WASHINGTON -- The current federal deficit of $423 billion will fall to $360
billion or so if Congress honors the overall requested cuts in President
Bush's budget for fiscal year 2007, beginning in October. But the Bush
White House is on a mission to halve the deficit by 2009, and that will
require budget rollbacks through 2010, even for some of those programs that
would see an increase in 2007.
Among the programs that would be hardest hit under this scenario are the
Women, Infants and Children's nutritional assistance program, better-known
as WIC; student aid for higher education; and environmental protective
services. Numerous other domestic programs would face steady declines. The
figures do not account for inflation, meaning the shortfalls would be
greater than shown by numbers alone because the funding would not go as
far, so to speak, with inflation factored in.
These budgetary assumptions do not appear in the president's FY '07 budget
request, which departs from tradition by not providing detail on the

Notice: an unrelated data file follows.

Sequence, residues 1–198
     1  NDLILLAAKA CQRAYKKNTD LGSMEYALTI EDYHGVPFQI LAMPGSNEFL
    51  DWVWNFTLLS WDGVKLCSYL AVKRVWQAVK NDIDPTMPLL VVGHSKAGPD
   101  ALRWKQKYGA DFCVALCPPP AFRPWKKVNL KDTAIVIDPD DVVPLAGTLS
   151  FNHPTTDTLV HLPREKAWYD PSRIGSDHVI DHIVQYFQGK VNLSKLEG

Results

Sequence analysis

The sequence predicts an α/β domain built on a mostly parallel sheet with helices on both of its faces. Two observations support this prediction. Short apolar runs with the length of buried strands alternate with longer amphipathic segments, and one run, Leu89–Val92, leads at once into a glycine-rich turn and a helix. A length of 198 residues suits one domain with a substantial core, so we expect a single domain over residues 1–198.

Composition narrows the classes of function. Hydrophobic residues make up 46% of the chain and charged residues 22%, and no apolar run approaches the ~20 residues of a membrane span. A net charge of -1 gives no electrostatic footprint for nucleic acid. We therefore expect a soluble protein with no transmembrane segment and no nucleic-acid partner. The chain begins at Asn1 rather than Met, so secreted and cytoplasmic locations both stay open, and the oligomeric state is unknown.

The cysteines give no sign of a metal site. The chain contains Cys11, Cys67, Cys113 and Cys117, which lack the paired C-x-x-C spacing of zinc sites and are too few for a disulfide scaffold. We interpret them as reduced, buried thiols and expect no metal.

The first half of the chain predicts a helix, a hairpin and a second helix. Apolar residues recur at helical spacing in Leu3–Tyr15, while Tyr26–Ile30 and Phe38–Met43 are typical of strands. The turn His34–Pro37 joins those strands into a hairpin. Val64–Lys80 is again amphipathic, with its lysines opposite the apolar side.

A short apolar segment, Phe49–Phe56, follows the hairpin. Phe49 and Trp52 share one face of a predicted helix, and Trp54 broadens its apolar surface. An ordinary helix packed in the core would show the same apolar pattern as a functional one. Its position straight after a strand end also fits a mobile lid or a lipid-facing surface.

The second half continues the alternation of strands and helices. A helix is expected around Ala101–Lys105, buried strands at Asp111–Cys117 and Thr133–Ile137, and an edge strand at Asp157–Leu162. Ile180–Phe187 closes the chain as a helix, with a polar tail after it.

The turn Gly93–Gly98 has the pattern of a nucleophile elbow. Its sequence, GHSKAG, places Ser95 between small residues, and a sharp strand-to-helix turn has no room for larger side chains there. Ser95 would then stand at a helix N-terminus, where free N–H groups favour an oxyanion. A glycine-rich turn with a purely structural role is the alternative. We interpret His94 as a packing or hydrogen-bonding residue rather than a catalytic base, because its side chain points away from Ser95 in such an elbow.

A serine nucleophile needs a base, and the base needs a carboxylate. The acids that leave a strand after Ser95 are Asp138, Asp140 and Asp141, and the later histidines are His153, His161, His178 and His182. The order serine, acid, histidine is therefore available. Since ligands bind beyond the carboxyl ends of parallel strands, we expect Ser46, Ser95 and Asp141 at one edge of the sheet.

financing of domestic discretionary programs. These are the programs that
face the steepest cuts if deficit reduction goals are going to be met; for
unlike entitlement programs, they are not protected by law, and this makes
it much easier to enact changes in their budgets.
Instead the projected future reductions are found in a 637-page printout
obtained and analyzed by The Washington Post. A spokesman quoted there for
the White House budget office explained that the president requests funding
for domestic programs one year at a time.
Congress will have a strong say in whether the cuts through 2010 are ever
enacted, and the Post quoted a budget analyst at the Heritage Foundation,
Brian M. Riedl, to the effect that the numbers on discretionary spending
are simply "filled in to make a future deficit look small" and don't
reflect the president's actual plans. (The Heritage Foundation is a
conservative-leaning think tank based in Washington.)
But if deficit reduction comes around again as a national priority,
domestic programs will inevitably feel the crunch. The Bush administration
had counted on a growing economy to keep the deficit manageable; but even
the enhanced tax receipts of a high-performance economy (up 3.5 percent in
the year of hurricanes Katrina and Rita and the associated spikes in fuel
pricing, with federal tax revenue receipts growing at the greatest rate in
a quarter century) have not offset the expense of war: $150 million a day
in Iraq, $27 million a day in Afghanistan. The federal deficit is the
amount national expenditures exceed revenues, and $423 billion is the
highest such figure in American history.